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Boydstun

Developmental Psychopathology

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Sounds excellent.  One of my (many) problems with Rand is her depiction of heroic people who are "unaware" of other people.  Roark is a prime example.  I also believe she suffered from some of this.  To a great extent, I equate empathy with awareness and awareness with focus.

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I get the idea, Claire, but I don't see how Rand's heroes are portrayed as "unaware" of other people. They just aren't universally interested in all people, and are neutral to a lot of people. This is unrelated to ability to empathize or being a "cold" person. With regards to "theory of mind", all Rand's heroes are pretty good at thinking about what other people think about and why. 

Baron-Cohen has some neat ideas, but I find his own theories of empathy aren't too great. He developed an EQ test, but all it measures is self-perception of empathy skill, as opposed to actual demonstrations of empathy skill. That tower shooter was simply failing to think well due to drug abuse. It doesn't have to be that his empathy was damaged so to speak. If you fail to reason, you could empathize in a twisted way, but still be highly empathetic. Putting a dead body back in bed is like empathizing with corpses:

" Lavergne says the 25-year-old former Marine and Eagle Scout was incredibly methodical as he went about killing his mother the night before the tower shootings, placing her body in bed as if she were sleeping. Then he went back home and stabbed his wife. "

Edited by Eiuol

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Naw.  Roark is definitely unaware of and indifferent to people.  So, by the way, is Rearden.  His unwillingness to even think about his marriage for 10 years is self-defeating, as is his unwillingness to think about the regulators of his business.

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Rearden was guilt-tripped for 10 years. He didn't want to upset his family. He was a doormat and let guilt take over. That's anything but "indifferent". He did think of the regulators a lot, but then later, asked himself what -right- they had to regulate him. I'd say Rearden was always empathetic, he just didn't -think- about his emotions or their causes. It's not like he let go of empathy. Rearden learned how to be empathetic without destroying his self-esteem.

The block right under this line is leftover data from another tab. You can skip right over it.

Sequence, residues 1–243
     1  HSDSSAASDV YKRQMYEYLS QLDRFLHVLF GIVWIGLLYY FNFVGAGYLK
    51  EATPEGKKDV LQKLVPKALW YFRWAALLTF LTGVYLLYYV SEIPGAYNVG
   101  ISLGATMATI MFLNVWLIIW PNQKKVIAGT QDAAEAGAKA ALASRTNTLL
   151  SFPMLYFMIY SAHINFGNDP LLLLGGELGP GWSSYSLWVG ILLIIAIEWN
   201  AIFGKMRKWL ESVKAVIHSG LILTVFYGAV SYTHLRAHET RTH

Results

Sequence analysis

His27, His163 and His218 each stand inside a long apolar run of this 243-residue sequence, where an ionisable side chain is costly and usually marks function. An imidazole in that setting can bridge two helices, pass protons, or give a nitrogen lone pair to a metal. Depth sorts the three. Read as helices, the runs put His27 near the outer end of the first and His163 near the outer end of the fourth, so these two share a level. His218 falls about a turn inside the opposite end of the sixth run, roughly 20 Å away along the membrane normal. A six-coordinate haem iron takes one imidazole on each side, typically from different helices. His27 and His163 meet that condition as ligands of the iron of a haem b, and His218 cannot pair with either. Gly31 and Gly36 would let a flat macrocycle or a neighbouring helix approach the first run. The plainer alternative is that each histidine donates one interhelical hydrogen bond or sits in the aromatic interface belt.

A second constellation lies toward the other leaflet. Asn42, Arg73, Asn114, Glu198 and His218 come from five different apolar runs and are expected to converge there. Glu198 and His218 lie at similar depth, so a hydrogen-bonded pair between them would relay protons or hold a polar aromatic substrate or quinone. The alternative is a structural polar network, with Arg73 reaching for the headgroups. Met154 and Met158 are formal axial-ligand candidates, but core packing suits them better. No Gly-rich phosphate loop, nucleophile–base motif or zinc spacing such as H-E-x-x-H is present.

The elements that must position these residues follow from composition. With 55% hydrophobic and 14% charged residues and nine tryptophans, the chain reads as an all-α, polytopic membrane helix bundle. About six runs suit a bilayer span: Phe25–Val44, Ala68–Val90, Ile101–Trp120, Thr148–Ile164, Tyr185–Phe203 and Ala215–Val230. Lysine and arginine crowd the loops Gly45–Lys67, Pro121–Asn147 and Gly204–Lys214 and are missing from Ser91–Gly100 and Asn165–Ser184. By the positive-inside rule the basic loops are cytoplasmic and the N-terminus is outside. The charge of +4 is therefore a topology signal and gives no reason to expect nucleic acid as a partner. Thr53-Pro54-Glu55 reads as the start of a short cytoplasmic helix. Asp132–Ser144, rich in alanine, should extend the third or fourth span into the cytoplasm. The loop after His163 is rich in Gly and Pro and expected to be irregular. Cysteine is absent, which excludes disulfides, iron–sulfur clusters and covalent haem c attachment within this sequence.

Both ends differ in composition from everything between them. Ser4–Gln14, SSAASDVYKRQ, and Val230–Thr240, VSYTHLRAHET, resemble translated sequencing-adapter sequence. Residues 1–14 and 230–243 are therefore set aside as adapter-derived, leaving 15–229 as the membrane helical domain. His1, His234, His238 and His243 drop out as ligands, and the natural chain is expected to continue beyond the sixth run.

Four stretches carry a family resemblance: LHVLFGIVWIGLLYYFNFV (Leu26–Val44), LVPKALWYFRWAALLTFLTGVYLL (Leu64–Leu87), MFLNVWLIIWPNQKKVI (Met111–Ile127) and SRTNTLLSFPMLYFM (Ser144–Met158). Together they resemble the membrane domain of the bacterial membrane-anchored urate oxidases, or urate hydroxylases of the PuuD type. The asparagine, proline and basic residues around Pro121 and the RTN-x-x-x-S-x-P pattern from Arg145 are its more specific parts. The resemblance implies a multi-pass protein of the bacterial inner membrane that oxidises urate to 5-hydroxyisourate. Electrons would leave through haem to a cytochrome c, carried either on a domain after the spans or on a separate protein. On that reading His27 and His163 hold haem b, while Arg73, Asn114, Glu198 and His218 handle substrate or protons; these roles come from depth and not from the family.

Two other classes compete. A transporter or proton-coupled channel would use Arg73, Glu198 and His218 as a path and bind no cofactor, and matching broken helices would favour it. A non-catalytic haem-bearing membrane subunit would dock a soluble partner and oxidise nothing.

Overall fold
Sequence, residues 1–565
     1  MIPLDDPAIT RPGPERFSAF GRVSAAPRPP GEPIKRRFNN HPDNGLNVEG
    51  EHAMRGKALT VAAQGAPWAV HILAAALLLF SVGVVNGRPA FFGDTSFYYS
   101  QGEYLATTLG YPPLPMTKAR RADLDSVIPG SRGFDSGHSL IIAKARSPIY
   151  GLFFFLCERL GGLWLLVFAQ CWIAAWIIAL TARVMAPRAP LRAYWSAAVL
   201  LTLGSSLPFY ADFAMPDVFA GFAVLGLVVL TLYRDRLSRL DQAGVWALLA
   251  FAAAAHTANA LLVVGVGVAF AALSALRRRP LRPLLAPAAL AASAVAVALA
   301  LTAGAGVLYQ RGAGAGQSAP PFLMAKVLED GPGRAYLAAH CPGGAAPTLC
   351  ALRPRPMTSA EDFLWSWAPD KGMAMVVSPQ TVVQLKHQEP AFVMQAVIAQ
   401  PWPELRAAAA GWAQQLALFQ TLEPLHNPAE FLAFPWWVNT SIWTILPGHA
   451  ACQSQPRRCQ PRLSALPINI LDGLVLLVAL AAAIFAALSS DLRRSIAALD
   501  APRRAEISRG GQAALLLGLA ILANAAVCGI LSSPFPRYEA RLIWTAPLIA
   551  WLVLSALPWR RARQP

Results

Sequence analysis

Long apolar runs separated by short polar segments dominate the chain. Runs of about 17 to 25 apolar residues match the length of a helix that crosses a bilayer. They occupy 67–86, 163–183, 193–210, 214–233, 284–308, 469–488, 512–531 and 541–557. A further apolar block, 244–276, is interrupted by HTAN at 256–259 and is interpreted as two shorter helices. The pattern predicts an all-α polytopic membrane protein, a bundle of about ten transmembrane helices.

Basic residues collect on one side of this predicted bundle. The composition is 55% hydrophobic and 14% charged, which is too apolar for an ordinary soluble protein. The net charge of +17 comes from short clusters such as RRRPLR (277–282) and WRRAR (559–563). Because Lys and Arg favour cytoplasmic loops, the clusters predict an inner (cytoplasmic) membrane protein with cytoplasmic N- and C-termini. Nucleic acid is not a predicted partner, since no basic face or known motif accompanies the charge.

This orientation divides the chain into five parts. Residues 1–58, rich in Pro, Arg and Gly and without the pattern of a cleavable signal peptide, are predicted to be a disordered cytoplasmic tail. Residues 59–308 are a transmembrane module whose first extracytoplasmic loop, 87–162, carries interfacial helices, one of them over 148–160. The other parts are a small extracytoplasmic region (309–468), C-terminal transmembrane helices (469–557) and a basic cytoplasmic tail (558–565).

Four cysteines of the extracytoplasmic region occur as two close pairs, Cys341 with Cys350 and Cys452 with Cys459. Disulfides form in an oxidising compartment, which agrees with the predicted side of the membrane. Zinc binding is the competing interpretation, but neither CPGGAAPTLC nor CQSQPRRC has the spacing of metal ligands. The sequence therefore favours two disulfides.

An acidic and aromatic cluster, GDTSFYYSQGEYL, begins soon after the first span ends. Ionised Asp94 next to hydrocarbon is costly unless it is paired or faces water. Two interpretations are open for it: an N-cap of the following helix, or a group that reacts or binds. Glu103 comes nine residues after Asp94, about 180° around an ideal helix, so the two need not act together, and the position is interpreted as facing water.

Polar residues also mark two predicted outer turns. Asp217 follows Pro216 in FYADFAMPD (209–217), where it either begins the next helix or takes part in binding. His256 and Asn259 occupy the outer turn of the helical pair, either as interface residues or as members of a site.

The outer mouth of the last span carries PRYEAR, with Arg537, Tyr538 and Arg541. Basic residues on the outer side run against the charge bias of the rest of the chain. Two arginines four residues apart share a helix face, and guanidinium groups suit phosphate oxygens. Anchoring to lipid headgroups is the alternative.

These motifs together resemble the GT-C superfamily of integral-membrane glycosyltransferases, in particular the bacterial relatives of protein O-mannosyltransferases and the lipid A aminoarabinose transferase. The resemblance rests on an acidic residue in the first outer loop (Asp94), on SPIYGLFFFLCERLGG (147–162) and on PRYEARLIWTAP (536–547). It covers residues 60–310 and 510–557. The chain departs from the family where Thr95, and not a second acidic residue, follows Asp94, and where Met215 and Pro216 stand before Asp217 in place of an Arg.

Roark isn't really unempathetic. Got any examples? Roark was pretty damn empathetic to Steven Mallory. Roark was an extremely introverted person, so he was selective about time he spent with other people. Doesn't mean he was unaware. Even more, his attitude of indifference was more like "it's your life to lead, not mine!" That's different than indifference like "I got mine, who cares about you losers".

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15 hours ago, Claire1964 said:

Sounds excellent.  One of my (many) problems with Rand is her depiction of heroic people who are "unaware" of other people.  Roark is a prime example.  I also believe she suffered from some of this.  To a great extent, I equate empathy with awareness and awareness with focus.

12 hours ago, Claire1964 said:

Naw.  Roark is definitely unaware of and indifferent to people.  So, by the way, is Rearden.  His unwillingness to even think about his marriage for 10 years is self-defeating, as is his unwillingness to think about the regulators of his business.

agreed.

Galt is somewhat of a counter-example, though. He spent the novel going around convincing people to go on strike with him, and presented the entire radio address, diagnosing the philosophical problems in the culture and attempting to persuade people to his point of view.

However, I think what Galt, Dagny, Rearden, and Francisco all did to Eddie Willers was pretty horrible. He was a good guy who added a lot of value to each of their lives; they used him, and then they all abandoned him when they fled to the gulch. It's a pretty unbelievable oversight for what are supposed to be admirable heroes...

Edited by epistemologue

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Epist, how are you defining empathy? I'm thinking of it just as ability to grasp how other people are feeling, along the lines of what Baron-Cohen is referring to, the author of the linked book. You seem to think of it as being very pro-social and extroverted about ideas. In that case, yes, Rand's heroes aren't empathetic. That's not what I'm talking about. They're hardly unaware of people, and are pretty good at being aware actually. There are varying degrees to care about others or seek to engage/talk to others, but it's not callousness to be less pro-social and introverted.

Leaving behind Eddie was probably bad, regardless of Eddie's final moral evaluation at the end of the book, but I'd say it's arguable that the four of them were on their way to save Eddie. It wouldn't be unlike Dagny to go out and save him like she did Galt.

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